Liked by 2 people

  3. Des · October 9, 2020

    Reading the words from your mother’s diary, I would say she must have also contributed to your interest in writing. It’s a sweet entry and I’m glad you shared it. Happy Friday, Peter!

    Liked by 1 person

    • Peter Klopp · October 10, 2020

      Thank you for the kind words, Des! I am so glad you like the page from my mother’s diary. Have a great weekend!

      Liked by 1 person

  4. What a wonderful reception and celebration of your family upon your arrival at this earth. I can almost read half of your Mother’s diary page, since I grew up with this kind of writing, what a lovely idea of her to write with your voice. Writing has already been embedded in your gene from the first moment on, no wonder about your beautiful letters to Biene back than. Have a beautiful weekend , Peter. Can’t wait for the continuation of your story.

    Liked by 2 people

    • Peter Klopp · October 10, 2020

      Such a heart-warming comment, Cornelia! There are very few people who can still read the old German cursive writing. I had to relearn the script before I was able to read my mother’s diary. Thank you very much and a have a great weekend!


      • · October 10, 2020

        Thank you Peter. When my mother passed away 10 years ago, I spent a lot of time to read old letters from my grandparents both sides, written in cursive writing , over the time my eyes got used to it. Enjoy your autumn Sunday.

        Liked by 1 person

      • Peter Klopp · October 11, 2020

        Thank you, Cornelia! I also took much time before I was able to read this handwriting style again. You too have a great Sunday!


  5. Ann Coleman · October 10, 2020

    You were blessed with a wonderful family, Peter! And I loved that photo of you and your mother.

    Liked by 1 person

    • Peter Klopp · October 11, 2020

      Image that the photo in my mother’s diary was only an inch and a half wide. I scanned it at high resolution to produce the large image for my blog. Have a great Sunday, Ann!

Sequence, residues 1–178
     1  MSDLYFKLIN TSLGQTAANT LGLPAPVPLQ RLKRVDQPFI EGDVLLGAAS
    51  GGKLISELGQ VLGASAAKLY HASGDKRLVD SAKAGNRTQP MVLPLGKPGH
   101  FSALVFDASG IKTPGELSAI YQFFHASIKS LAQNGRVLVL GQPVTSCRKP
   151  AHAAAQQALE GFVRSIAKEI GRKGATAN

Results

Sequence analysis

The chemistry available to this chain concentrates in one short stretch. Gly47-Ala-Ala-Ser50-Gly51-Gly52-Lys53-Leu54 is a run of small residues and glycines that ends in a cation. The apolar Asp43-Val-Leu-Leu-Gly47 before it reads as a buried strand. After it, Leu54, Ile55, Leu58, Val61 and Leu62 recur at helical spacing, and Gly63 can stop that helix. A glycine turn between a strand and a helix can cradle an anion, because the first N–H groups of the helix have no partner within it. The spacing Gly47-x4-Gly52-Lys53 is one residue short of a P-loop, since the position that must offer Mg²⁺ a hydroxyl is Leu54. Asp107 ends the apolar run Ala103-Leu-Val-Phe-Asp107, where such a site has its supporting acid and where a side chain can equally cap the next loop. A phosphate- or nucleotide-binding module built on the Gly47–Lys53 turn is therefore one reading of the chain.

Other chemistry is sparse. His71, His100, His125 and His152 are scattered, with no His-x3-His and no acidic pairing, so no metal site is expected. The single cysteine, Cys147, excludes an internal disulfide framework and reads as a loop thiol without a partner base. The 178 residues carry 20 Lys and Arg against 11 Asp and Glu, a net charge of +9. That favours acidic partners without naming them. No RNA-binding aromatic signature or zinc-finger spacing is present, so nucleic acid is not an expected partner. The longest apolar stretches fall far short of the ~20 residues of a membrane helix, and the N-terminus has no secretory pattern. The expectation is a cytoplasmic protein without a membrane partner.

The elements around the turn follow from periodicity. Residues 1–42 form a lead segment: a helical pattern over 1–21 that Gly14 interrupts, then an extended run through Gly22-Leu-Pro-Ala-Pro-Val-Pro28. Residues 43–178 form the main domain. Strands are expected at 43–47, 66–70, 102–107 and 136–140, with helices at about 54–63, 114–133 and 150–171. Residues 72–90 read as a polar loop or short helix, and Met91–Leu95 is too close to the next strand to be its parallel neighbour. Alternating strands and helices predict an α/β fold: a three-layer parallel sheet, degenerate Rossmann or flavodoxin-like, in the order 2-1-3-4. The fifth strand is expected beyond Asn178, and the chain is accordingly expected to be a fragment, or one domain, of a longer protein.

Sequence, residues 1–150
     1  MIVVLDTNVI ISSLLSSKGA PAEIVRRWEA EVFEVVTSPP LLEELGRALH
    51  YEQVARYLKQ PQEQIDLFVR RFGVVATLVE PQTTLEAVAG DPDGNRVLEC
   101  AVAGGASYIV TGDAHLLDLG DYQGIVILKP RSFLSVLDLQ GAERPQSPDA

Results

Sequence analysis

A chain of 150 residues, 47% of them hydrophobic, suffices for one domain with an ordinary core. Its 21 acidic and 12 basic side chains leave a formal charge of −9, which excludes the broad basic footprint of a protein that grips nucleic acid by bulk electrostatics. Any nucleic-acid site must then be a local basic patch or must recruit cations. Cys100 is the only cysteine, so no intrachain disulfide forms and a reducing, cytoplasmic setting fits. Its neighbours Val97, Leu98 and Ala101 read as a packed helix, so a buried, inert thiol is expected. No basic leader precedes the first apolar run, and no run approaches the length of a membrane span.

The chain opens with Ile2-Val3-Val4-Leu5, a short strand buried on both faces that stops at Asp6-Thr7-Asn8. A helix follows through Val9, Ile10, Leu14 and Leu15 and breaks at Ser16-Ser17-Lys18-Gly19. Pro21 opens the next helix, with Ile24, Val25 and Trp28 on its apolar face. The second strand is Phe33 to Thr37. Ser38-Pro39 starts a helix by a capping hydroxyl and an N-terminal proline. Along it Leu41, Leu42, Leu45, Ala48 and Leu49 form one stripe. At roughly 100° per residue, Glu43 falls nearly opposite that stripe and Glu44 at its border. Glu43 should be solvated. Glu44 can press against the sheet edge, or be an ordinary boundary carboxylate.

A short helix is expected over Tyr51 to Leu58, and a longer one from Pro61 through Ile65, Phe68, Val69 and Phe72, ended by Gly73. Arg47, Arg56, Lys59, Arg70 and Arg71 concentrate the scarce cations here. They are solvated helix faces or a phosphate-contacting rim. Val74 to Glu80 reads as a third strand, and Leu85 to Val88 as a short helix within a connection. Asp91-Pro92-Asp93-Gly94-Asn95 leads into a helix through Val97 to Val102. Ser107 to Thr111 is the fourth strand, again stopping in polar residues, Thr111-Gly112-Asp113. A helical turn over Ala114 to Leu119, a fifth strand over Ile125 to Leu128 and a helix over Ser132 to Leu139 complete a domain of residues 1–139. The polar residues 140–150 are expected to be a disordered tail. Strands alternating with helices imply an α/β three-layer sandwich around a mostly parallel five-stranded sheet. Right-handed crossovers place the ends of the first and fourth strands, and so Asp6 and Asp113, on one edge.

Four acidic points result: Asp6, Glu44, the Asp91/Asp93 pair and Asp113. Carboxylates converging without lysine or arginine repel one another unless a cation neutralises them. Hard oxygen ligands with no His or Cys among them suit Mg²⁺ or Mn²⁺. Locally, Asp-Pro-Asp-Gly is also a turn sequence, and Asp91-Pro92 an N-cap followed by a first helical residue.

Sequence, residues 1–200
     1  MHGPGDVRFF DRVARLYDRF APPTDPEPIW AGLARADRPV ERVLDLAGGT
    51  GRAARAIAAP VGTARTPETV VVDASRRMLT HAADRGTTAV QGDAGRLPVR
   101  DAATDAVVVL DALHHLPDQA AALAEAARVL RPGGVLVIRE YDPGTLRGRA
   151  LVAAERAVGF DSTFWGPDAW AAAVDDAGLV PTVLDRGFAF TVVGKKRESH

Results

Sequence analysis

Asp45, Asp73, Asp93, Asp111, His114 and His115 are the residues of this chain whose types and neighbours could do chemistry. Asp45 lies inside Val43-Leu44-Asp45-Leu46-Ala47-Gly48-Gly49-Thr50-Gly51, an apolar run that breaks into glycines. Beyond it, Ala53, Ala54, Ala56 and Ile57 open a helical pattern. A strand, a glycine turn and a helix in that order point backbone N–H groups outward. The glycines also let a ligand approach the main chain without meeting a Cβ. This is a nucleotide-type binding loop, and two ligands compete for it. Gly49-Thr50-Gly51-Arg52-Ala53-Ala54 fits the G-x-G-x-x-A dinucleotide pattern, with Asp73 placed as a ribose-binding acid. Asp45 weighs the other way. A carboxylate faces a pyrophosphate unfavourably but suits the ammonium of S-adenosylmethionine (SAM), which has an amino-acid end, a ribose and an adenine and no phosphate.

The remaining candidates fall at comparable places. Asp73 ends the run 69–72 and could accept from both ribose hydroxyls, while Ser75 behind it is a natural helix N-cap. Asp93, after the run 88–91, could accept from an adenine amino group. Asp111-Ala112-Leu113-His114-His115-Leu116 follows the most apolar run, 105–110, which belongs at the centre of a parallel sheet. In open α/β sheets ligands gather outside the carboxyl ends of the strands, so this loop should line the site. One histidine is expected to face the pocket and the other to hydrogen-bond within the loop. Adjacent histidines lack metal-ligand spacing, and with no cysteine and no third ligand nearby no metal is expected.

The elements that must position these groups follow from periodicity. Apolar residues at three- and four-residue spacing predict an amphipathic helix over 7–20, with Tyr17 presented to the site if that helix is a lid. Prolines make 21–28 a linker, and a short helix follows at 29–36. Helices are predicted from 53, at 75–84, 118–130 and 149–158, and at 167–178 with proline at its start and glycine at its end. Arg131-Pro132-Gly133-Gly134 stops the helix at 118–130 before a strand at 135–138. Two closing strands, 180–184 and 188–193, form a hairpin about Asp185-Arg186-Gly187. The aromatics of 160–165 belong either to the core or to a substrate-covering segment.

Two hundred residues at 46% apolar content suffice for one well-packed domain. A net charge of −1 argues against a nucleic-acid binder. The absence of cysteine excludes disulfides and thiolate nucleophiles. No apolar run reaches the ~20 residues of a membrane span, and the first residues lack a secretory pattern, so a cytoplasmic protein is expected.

Liked by 1 person

  6. kopfundgestalt · October 11, 2020

    I read this with great interest, Peter.
    Good, That your father treated the people well.
    In a way I can fand similiarities in his face to you.
    I hardly can read your mothers diary. There were times I could read this fluently.

    Liked by 1 person

    • Peter Klopp · October 11, 2020

      I too struggled with the script of my mother’s handwritten diary. There are some excellent online resources that helped me decode the wonderful account of the first 18 months of my life. Thank you for your interest in our family history, Gerhard! Your comments are always appreciated.

      Liked by 1 person

  7. Ankur Mithal · October 13, 2020

    Peter, I continue to be fascinated by this first-hand story of a real family in a period many of us only the horrors of, and that too through history books. Gives me confidence that humanity will always shine through.

    Liked by 1 person

    • Peter Klopp · October 13, 2020

      Thank you, Ankur! The good times of the Klopp family are rapidly coming to an end, as you will soon see in one of the following posts. The expulsion of millions of Germans from their home provinces is also a topic found in history books.


  8. travelsandtomes · October 18, 2020

    What a beautiful gift to have these journal entries from your mother. And what a lovely and loving family you have. Thank you for sharing your family stories, which offer another side to our shared histories of a difficult time period.

    Liked by 1 person

    • Peter Klopp · October 20, 2020

      Indeed, my mother’s journal is a real treasure to me. Thank you for your kind comment!

      Liked by 1 person